One of the most amazing and envied feats of nature is the ability of some species to regenerate limbs that have been lost in accidents, fights or other activities. A lizard found in Kosovo is triply amazing because it grew back not one … not two … but three tails to replace the one it lost. How did that happen? Is it unique?

The blue-throated keeled lizard (dalmatian algyroides or Algyroides nigropunctatus) was found in June 2015 in Metohija, Kosovo, by Daniel Jablonski, a biologist at Comenius University in Slovakia. The lizard has three tails measuring 30, 15 and 10 mm (1.2, .6 and .4 inches) in length.

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A full-length view of the three-tailed lizard

It’s the first 3-tailed lizard he’s ever seen (he’s seen some twos) and Jablonski believes that the three tails are the result of an injury after an attack or accident that not only took its tail but also crushed the lizard’s spinal cord. The damaged spinal cord regenerated three ends which became the three separate tails. According to his report in Ecologica Montenegrina, Kosovo residents can see the lizards themselves because he returned it to the wild.

Limb and tissue regeneration is found in species of worms, amphibians, reptiles and a mammal known as the African Spiny Mouse. Two tails replacing one is unusual but not unique.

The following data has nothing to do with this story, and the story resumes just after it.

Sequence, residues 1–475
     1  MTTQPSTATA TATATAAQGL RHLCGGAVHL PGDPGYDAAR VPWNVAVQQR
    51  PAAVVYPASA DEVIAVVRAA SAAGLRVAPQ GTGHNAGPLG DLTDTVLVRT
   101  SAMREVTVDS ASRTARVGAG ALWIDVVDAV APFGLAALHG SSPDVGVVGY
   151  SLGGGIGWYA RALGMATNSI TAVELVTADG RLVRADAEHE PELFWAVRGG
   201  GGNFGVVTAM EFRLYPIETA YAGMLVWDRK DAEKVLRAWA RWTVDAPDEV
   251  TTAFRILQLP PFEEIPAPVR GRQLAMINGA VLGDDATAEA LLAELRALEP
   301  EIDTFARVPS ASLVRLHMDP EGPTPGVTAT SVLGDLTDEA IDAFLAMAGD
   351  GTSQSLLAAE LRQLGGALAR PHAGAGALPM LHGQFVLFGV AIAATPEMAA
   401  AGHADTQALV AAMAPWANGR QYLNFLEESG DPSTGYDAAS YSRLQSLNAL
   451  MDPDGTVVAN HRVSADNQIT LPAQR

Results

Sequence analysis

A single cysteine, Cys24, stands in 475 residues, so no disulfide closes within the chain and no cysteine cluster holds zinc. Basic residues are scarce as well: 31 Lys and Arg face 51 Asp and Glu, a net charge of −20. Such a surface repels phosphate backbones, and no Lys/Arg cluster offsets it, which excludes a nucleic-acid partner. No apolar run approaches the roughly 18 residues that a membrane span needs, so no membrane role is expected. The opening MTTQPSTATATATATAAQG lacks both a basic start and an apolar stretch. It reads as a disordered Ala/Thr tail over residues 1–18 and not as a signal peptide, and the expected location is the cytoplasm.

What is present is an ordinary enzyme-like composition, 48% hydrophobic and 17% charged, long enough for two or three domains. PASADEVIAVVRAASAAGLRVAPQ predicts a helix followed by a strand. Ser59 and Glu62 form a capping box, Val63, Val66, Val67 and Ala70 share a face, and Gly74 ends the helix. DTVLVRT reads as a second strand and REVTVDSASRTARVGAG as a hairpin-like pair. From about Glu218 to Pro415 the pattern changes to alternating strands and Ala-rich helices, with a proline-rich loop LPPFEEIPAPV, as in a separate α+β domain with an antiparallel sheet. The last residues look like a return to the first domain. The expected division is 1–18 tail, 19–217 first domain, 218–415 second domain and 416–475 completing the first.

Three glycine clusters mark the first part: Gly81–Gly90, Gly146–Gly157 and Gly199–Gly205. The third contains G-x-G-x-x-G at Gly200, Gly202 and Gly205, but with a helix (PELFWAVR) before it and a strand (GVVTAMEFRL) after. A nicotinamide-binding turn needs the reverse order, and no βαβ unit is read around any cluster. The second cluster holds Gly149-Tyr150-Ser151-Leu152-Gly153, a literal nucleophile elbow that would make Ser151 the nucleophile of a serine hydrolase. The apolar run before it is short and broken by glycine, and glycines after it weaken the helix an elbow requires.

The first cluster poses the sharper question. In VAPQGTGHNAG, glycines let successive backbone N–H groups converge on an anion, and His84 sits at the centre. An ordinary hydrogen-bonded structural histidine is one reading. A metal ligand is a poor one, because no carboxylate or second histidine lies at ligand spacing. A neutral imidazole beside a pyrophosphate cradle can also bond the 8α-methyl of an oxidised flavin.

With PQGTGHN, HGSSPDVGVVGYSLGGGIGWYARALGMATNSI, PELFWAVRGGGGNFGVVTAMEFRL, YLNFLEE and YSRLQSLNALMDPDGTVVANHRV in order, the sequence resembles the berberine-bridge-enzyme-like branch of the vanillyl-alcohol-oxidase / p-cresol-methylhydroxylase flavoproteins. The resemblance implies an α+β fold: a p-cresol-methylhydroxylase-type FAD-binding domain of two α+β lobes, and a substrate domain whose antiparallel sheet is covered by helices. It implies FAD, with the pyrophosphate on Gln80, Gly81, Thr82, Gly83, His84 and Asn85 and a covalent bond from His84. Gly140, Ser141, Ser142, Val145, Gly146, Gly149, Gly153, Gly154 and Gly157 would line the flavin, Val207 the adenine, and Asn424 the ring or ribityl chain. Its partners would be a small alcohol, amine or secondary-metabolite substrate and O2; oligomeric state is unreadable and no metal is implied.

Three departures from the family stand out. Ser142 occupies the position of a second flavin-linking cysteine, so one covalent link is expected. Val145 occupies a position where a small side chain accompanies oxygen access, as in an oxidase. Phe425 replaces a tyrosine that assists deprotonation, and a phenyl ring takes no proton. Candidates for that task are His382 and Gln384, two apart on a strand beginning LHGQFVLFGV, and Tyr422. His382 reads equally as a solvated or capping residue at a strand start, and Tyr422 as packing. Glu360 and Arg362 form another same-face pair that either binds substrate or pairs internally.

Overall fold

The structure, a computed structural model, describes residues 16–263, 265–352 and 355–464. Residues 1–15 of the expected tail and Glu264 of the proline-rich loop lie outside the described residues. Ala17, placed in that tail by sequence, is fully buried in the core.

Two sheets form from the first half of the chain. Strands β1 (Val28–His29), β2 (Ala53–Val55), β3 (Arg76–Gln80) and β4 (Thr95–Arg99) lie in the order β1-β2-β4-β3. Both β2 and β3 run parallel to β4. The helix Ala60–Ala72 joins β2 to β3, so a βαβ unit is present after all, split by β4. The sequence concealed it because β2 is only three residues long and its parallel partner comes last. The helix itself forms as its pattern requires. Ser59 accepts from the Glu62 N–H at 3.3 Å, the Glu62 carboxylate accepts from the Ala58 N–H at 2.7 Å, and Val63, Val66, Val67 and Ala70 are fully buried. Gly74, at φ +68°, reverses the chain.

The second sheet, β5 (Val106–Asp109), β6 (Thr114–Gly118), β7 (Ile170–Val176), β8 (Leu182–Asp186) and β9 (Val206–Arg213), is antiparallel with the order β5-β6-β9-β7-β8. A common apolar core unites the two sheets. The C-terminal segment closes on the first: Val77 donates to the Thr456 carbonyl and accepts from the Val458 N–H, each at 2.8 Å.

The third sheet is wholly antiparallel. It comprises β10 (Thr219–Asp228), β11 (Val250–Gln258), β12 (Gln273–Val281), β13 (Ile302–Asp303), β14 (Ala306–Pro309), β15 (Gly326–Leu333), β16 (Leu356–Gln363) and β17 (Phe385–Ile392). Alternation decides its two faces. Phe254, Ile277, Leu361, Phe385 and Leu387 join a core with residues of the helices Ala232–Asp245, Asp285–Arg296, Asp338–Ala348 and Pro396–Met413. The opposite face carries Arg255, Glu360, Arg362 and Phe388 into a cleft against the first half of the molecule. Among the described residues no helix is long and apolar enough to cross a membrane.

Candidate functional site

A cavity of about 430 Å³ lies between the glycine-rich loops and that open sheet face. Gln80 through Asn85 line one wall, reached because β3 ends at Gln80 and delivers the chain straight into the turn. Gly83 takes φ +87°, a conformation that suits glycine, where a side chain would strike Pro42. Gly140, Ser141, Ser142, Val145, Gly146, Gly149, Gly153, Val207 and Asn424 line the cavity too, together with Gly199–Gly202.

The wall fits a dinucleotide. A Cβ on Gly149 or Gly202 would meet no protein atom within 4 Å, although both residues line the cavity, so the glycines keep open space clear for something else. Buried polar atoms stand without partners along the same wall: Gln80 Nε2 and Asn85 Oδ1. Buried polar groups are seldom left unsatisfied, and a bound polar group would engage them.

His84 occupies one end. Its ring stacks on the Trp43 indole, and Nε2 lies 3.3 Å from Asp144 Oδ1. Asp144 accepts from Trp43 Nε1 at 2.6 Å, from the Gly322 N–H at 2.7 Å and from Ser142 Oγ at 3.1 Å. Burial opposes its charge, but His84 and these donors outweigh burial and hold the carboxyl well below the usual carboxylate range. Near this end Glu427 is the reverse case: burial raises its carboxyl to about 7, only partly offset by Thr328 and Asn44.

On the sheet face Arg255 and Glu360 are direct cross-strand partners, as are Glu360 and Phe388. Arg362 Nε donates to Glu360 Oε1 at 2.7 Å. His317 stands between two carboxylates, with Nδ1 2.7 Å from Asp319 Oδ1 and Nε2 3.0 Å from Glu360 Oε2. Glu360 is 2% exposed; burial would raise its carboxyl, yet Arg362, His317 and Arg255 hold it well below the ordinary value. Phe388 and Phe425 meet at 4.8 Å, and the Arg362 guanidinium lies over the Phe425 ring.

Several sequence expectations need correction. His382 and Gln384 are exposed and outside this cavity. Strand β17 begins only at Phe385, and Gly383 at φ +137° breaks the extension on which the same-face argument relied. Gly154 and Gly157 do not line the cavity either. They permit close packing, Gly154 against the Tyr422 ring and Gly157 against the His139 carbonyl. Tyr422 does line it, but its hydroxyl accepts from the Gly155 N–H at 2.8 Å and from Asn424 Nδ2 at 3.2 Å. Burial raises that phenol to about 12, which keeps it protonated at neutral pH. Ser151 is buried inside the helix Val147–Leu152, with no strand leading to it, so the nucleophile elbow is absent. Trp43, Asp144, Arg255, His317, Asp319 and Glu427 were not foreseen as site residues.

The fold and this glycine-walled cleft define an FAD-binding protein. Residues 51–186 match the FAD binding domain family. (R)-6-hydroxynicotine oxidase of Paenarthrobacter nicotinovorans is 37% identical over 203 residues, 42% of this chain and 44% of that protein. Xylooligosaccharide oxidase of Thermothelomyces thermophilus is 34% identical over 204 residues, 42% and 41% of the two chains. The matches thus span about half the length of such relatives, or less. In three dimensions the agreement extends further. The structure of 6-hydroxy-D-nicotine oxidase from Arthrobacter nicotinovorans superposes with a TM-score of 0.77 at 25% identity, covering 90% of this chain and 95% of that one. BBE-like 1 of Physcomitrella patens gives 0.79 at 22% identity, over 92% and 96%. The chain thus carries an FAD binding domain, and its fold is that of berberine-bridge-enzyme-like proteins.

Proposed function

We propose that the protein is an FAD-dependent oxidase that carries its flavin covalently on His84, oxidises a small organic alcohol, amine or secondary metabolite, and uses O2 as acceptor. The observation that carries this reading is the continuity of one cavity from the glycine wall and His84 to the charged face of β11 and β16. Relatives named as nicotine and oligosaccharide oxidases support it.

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A twin-tailed goldfish

There are also instances of other species being born with two tails. Selective breeding has led to the development of two-tailed fish such as the double tail betta and the Fantail goldfish. A two-tailed robin was discovered in 1936 in Wallingford, Pennsylvania. In the feline world, a rare two-tailed mutation called the polycaudal (poly = many, caudal = tailed) cat has been reported in Japan, North America and Britain.

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A two-tailed cat

In mythology, we find the Kitsune, a fox pictured with up to nine tails, and the Jersey Devil, a creature made from parts of multiple animals ending with a forked tail.

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Nine-tailed Kitsune

It looks like congratulations are in order for that blue-throated keeled lizard of Kosovo. It appears you’re the world’s only three-tailed living creature!

Paul Seaburn

Paul Seaburn is the editor at Mysterious Universe and its most prolific writer. He’s written for TV shows such as "The Tonight Show", "Politically Incorrect" and an award-winning children’s program. He's been published in “The New York Times" and "Huffington Post” and has co-authored numerous collections of trivia, puzzles and humor. His “What in the World!” podcast is a fun look at the latest weird and paranormal news, strange sports stories and odd trivia. Paul likes to add a bit of humor to each MU post he crafts. After all, the mysterious doesn't always have to be serious.

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